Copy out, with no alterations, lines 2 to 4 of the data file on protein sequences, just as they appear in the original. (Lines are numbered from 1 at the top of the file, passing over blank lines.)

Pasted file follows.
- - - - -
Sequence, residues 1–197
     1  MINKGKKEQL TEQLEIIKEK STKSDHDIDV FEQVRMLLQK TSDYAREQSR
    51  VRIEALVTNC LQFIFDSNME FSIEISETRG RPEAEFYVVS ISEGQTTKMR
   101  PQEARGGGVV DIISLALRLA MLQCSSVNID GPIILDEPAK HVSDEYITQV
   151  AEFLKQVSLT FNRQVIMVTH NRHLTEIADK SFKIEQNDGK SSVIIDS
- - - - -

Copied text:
     1  MINKGKKEQL TEQLEIIKEK STKSDHDIDV FEQVRMLLQK TSDYAREQSR
    51  VRIEALVTNC LQFIFDSNME FSIEISETRG RPEAEFYVVS ISEGQTTKMR
   101  PQEARGGGVV DIISLALRLA MLQCSSVNID GPIILDEPAK HVSDEYITQV